Big Warhol Sales Start Contemporary Auction Week In New York
It's looking like the week of Warhol. This week's contemporary art auctions in New York City started off with a bang on Monday night as Phillips de Pury & Company inaugurated its Park Avenue salesroom in grand style. The NY Times reports that the auction house was trying out a new program called "Carte Blanche" in which someone outside the auction house curates a sale. The first auction was done by Philippe Ségalot, a private dealer who once ran Christie's postwar and contemporary art department in New York. The 33 lots orchestrated by Ségalot brought in a total of $117 million, above its high estimate of $104.8 million. Over half of that went to Andy Warhol's "Men in Her Life," shown above, a 1962 painting featuring Elizabeth Taylor. The $63.3 million price easily topped the $50 million high end estimate and was the second highest ever paid for a Warhol (the first was the $71.7 million paid at Christie's in 2007 for "Green Car Crash (Green Burning Car I)." But Andy Warhol's work wasn't through dazzling New York yet.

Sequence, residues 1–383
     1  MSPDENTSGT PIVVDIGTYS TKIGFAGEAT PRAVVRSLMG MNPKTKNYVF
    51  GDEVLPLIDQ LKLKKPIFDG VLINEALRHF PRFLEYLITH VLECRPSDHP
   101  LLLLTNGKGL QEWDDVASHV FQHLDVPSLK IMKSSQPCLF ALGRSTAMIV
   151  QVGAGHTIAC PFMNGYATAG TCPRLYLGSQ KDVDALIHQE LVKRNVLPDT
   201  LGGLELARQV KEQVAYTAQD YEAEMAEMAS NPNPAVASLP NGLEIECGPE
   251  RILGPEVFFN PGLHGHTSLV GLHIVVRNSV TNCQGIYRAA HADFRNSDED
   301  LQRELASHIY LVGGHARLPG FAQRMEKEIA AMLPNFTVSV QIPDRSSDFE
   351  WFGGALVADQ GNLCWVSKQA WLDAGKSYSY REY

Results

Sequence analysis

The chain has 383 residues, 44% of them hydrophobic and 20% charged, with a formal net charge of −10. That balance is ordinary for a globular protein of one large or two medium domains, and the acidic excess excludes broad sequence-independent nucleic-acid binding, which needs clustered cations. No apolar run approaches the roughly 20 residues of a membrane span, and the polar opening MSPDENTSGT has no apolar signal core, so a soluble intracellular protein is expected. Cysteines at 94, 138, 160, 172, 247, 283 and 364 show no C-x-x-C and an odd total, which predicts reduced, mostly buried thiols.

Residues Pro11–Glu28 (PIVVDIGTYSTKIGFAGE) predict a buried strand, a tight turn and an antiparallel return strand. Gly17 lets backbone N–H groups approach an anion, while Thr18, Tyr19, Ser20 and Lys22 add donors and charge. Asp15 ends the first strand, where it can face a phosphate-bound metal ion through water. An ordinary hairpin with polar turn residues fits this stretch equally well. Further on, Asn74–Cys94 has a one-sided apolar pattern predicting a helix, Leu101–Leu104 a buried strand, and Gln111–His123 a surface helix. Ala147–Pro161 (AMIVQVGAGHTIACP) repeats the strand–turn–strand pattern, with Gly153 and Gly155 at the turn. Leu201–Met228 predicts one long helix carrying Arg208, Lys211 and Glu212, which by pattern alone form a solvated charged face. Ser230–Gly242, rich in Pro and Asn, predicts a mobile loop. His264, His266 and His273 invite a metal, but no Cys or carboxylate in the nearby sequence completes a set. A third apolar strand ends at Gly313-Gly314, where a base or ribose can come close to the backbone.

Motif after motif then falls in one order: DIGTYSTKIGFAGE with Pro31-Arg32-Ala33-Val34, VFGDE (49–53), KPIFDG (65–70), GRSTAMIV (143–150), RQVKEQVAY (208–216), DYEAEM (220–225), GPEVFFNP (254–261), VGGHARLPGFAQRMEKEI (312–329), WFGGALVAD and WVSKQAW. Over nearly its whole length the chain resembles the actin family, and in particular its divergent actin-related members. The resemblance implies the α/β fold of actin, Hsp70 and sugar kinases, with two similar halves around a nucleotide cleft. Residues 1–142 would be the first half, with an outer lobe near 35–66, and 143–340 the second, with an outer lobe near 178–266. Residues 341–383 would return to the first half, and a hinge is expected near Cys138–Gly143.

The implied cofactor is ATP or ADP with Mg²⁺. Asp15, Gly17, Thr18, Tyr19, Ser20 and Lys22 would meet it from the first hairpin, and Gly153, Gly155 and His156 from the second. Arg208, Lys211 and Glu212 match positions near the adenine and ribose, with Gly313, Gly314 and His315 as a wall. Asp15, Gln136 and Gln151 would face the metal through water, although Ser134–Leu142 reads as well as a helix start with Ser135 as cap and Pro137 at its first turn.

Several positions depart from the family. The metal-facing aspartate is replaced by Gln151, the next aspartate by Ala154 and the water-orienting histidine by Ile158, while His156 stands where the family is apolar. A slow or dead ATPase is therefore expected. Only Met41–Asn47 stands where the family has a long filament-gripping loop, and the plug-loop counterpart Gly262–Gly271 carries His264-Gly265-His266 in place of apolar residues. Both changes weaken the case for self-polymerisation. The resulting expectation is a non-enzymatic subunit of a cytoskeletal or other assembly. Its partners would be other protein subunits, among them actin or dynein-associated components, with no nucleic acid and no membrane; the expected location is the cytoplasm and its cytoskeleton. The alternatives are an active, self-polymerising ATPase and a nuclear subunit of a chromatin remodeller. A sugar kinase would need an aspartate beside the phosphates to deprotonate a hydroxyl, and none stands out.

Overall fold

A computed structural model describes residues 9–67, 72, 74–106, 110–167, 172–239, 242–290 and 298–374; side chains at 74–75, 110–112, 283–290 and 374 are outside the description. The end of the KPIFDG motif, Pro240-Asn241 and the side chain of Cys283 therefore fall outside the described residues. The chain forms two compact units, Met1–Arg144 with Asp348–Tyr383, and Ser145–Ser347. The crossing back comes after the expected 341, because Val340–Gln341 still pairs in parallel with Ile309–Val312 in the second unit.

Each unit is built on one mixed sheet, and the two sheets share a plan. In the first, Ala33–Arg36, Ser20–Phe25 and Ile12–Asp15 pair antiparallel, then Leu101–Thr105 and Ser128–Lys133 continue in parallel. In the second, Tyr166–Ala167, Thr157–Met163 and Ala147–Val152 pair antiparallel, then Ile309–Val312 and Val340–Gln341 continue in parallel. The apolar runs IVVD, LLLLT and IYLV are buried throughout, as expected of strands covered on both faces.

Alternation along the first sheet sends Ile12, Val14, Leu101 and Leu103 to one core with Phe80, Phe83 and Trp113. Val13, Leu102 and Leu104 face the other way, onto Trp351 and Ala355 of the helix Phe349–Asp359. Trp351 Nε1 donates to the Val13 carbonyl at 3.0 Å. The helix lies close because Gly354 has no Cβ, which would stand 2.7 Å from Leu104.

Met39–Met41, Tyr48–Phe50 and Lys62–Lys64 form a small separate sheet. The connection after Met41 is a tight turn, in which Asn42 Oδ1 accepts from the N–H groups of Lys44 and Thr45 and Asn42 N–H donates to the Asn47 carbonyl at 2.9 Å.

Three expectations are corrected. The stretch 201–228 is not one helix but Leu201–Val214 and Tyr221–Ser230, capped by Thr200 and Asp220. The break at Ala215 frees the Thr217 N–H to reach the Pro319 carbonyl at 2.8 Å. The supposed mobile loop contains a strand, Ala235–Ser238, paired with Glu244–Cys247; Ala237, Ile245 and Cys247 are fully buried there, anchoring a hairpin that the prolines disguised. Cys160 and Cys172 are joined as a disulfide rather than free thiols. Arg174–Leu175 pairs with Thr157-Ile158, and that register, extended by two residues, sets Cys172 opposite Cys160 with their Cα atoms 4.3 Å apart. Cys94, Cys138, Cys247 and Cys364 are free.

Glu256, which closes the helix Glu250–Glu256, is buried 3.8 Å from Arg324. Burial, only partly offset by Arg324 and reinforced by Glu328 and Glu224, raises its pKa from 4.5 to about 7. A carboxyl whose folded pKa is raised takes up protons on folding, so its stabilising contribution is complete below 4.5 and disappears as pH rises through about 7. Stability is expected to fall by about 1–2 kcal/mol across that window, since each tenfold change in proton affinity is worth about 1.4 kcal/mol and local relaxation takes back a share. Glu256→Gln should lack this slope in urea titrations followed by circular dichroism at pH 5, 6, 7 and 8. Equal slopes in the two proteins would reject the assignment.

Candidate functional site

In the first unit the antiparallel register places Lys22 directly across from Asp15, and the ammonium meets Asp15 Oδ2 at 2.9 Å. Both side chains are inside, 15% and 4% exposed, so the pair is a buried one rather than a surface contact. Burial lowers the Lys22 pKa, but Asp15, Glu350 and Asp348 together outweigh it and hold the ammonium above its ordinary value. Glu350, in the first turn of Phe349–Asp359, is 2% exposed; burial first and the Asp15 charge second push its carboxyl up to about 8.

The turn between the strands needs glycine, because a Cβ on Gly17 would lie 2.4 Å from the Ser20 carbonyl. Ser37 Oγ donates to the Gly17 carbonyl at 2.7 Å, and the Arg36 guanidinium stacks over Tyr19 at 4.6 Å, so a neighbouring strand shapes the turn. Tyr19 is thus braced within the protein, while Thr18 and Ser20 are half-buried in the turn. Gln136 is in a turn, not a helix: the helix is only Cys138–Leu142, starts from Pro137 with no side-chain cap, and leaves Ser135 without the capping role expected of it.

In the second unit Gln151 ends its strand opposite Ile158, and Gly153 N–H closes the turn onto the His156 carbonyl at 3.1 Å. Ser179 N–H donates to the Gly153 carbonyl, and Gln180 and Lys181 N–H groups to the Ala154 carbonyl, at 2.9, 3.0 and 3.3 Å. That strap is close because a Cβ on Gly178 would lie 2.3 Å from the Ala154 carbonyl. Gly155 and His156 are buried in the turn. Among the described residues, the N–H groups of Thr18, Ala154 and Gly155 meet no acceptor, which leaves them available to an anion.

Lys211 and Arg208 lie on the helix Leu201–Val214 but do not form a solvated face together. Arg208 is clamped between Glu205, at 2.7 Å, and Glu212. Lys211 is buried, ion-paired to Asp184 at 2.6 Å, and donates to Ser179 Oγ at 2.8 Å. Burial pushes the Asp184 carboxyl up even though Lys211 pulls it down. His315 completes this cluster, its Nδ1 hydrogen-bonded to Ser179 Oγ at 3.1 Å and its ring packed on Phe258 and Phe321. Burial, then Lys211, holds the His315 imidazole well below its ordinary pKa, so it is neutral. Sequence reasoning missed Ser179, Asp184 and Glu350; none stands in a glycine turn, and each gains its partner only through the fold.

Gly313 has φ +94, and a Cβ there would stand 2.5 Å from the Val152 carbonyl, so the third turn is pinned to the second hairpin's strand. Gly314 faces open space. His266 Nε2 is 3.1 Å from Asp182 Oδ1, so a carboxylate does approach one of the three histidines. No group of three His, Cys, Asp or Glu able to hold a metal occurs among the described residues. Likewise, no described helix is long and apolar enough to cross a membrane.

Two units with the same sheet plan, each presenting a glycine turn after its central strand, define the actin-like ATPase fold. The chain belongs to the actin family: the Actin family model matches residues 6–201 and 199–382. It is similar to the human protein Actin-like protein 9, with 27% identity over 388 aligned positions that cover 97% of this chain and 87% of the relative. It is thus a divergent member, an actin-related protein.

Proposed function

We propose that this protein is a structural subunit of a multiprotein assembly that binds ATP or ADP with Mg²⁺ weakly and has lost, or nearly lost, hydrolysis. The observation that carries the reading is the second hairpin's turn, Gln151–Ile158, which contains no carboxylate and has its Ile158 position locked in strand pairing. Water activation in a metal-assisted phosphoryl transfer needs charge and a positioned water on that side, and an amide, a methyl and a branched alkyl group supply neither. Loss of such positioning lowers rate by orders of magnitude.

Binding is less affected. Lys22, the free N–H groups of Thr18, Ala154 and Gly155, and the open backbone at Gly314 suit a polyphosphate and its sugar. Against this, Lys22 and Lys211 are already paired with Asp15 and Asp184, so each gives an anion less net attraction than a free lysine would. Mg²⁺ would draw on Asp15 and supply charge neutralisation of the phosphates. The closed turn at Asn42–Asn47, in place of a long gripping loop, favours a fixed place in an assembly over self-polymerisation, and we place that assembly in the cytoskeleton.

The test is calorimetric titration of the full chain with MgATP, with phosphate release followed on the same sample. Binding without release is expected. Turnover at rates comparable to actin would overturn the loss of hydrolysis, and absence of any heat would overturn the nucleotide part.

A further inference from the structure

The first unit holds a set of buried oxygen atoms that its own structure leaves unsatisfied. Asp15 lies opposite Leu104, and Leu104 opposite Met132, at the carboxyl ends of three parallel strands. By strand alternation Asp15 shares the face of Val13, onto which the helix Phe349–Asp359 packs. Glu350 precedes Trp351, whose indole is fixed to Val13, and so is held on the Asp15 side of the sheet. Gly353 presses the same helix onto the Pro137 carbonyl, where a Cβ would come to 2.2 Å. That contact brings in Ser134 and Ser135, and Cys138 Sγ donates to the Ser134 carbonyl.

The Sotheby's New York sale saw the sale of a massive Andy Warhol painting of a glass Coca-Cola bottle for $35.4 million far above the $25 million high estimate. Bloomberg reports that the seller seller, curator and artist Elizabeth Richebourg Rea, acquired the piece for $143,000 at Christie's in 1983.
The stage is now set for one more major Warhol, a rare early painting that, as my colleague Jared Paul Stern reported previously, is expected to fetch up to $50 million during the Christie's Contemporary Art sale in New York on November 10. Given the prices we've already seen this week, we could have a record breaker on our hands.